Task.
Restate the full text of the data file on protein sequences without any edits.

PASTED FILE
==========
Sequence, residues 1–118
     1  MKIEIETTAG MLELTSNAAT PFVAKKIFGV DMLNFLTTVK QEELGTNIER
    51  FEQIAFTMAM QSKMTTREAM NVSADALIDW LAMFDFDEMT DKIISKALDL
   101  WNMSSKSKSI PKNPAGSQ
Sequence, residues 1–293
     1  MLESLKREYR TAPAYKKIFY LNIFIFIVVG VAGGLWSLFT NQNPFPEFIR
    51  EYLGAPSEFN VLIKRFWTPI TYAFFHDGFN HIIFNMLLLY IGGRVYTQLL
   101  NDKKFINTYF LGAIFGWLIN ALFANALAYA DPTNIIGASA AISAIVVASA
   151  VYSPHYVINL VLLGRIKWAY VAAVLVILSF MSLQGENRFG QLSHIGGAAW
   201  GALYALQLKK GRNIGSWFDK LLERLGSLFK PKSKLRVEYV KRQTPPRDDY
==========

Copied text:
Sequence, residues 1–118
     1  MKIEIETTAG MLELTSNAAT PFVAKKIFGV DMLNFLTTVK QEELGTNIER
    51  FEQIAFTMAM QSKMTTREAM NVSADALIDW LAMFDFDEMT DKIISKALDL
   101  WNMSSKSKSI PKNPAGSQ
Sequence, residues 1–293
     1  MLESLKREYR TAPAYKKIFY LNIFIFIVVG VAGGLWSLFT NQNPFPEFIR
    51  EYLGAPSEFN VLIKRFWTPI TYAFFHDGFN HIIFNMLLLY IGGRVYTQLL
   101  NDKKFINTYF LGAIFGWLIN ALFANALAYA DPTNIIGASA AISAIVVASA
   151  VYSPHYVINL VLLGRIKWAY VAAVLVILSF MSLQGENRFG QLSHIGGAAW
   201  GALYALQLKK GRNIGSWFDK LLERLGSLFK PKSKLRVEYV KRQTPPRDDY